The latest version of Big Blue's flagship database management system -- IBM DB2 10 -- offers several new and enhanced features designed in part to get Oracle customers to think twice about renewing their Oracle Database licenses.
IBM is hoping that DB2 10's performance improvements, licensing policies and new features like Time Travel Query and enhanced compression will go a long way toward convincing Oracle Database users to make a change.
"We are hearing from more Oracle Database clients that they want to escape rising license and maintenance costs," said Bernie Spang, IBM's director of strategy and marketing for database software. "IBM has made it easier to switch with typically 98% code compatibility for Oracle Database applications."
IBM is not alone. SAP has also taken aim at Oracle's database customers. The company hopes to prevail by selling its HANA in-memory database appliance to Oracle customers.
Oracle, which did not respond to an email requesting a response to Spang's comments, unveiled the last major update to its flagship database product -- Oracle Database 11g Release 2 -- in 2009. The release is focused on providing users with improved server consolidation,storage-related capabilities and enhanced support for data warehouse initiatives.
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IBM, which earlier this month released DB2 10 along with IBM InfoSphere Warehouse 10, says the new database package also includes several features aimed at helping the relational database platform integrate more easily with "big data" management systems like the Hadoop distributed file system and related tools.
IBM has been working to battle the perception that switching database platforms is prohibitively expensive. In DB2 9, the company increased compatibility with applications that are often run on the Oracle Database platform. For example, IBM optimized DB2 9 to run SAP AG's enterprise resource planning (ERP) workloads and has worked to enhance those optimizations in DB2 10, according to Spang.
Coca-Cola bottler migrates from Oracle to IBM …
To illustrate its point about the increased ease of migrating from one platform to another, IBM executives pointed to the case of Coca-Cola Bottling Company Consolidated, an IBM reference customer that made the switch from Oracle Database to IBM DB2 9.
The Charlotte, N.C.-based beverage manufacturer and distributor had been running its SAP ERP applications on Oracle Database but decided to make the switch to DB2 in 2008 when a deal between Coca-Cola's corporate leadership and SAP made the migration financially attractive, according to published reports. The company still runs some applications – such as JDA Software's Manugistics supply chain management software -- on Oracle, because those products do not offer support for DB2.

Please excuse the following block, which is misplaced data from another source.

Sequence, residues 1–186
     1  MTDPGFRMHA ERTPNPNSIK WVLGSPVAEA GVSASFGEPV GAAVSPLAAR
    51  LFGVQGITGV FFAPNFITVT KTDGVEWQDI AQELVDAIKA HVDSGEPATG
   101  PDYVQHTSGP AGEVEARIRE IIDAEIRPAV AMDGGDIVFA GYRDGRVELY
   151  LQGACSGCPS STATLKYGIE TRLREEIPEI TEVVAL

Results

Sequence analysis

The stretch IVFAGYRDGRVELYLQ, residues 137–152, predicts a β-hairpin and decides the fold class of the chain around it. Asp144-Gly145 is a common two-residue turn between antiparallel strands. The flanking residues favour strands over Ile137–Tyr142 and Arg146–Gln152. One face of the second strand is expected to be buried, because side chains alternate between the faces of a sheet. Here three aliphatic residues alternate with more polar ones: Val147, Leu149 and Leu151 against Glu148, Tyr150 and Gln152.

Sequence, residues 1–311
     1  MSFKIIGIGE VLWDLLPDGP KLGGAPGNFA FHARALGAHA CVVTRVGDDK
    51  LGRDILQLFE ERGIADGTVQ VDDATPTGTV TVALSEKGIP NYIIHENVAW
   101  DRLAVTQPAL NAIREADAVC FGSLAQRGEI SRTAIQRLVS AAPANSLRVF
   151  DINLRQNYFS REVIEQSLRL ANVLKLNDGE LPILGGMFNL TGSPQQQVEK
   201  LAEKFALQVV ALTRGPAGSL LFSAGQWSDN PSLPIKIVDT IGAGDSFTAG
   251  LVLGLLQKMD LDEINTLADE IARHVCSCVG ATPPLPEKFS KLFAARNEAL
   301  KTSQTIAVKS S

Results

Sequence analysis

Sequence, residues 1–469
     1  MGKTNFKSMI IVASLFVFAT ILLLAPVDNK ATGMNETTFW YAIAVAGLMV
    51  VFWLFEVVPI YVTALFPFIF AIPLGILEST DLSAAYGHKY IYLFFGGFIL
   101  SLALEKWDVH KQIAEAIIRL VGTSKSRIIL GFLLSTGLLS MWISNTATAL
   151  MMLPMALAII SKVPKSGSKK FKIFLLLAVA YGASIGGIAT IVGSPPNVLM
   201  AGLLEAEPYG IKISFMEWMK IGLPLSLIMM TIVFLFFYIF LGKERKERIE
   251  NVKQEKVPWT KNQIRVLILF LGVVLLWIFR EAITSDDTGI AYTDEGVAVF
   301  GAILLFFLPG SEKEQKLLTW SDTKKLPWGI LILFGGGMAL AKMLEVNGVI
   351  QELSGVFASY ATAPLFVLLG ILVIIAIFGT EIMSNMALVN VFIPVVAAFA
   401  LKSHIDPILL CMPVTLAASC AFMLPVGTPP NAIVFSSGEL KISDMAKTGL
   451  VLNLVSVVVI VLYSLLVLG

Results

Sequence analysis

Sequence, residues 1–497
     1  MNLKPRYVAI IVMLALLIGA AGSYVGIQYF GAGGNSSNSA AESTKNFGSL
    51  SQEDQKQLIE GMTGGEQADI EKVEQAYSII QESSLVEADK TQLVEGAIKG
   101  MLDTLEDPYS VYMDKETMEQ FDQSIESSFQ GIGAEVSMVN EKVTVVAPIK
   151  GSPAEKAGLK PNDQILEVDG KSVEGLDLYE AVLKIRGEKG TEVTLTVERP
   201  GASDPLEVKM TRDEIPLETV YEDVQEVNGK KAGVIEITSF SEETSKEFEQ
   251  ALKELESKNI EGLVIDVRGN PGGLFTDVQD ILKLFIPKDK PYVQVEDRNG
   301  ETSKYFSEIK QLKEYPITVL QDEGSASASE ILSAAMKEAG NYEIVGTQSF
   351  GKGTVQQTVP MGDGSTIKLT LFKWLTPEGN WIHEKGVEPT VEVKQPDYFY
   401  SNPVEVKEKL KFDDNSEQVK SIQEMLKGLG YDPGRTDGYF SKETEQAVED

The Coca-Cola bottler's decision to switch to IBM was also the result of rising licensing costs associated with Oracle deployments, according to Andrew Juarez, the bottling company's lead SAP Basis and database administrator.
"[Oracle has] got this licensing model which, if you're trying to virtualize stuff, you get penalized," Juarez said. "You basically have to pay for all the CPUs, even though your virtual partition may not be using all those CPUs and they may be allocated to other applications."
Oracle's licensing policies prompted the Coca-Cola bottling company to avoid running Oracle in a virtual environment, despite the fact that "everything is going virtual," according to Juraez.
… and offers a glimpse inside the new IBM database
The IT team at Coca-Cola Bottling Company Consolidated became beta testers of IBM DB2 10 beginning in May of last year and has been impressed with the software's improved data compression capabilities, Juarez said.
Juarez's team tested the compression capability on a copy of its SAP ERP production data and found that it can decrease the size of a database table by about 20% over previous versions. The team encountered some bugs and installation errors early on in the beta testing process, Juarez said, but those were later corrected.
The company also saw that DB2 10 offered a significant improvement in overall system performance over DB2 9. The company plans to upgrade to the commercial version of DB2 10 after it is certified to run SAP applications.
Other new features in IBM DB2 10 include Time Travel, which allows users to query temporal data, and enhancements that increase the speed of backup and accelerate I/O, according to IBM. The IBM database software also offers a new feature that allows administrators to more easily designate specific storage devices to certain forms of data.
Database migrations require plenty of testing
Organizations considering an upgrade to IBM DB2 10 -- or a migration from one database platform to another -- should remember to emphasize the importance of testing, according to experts.
And at Coca-Cola Bottling Company Consolidated, the testing process begins largely in sandbox environments, according to Juraez. During the testing process, the team also works with business representatives to determine the optimal time to update production systems to the new database management system.
"What we normally will do is get our sandbox systems all upgraded, just make sure that everything seems to be running okay," he said. "Then we go through all of our development systems, followed by all of our test systems, and then leave them running for at least a month to two months."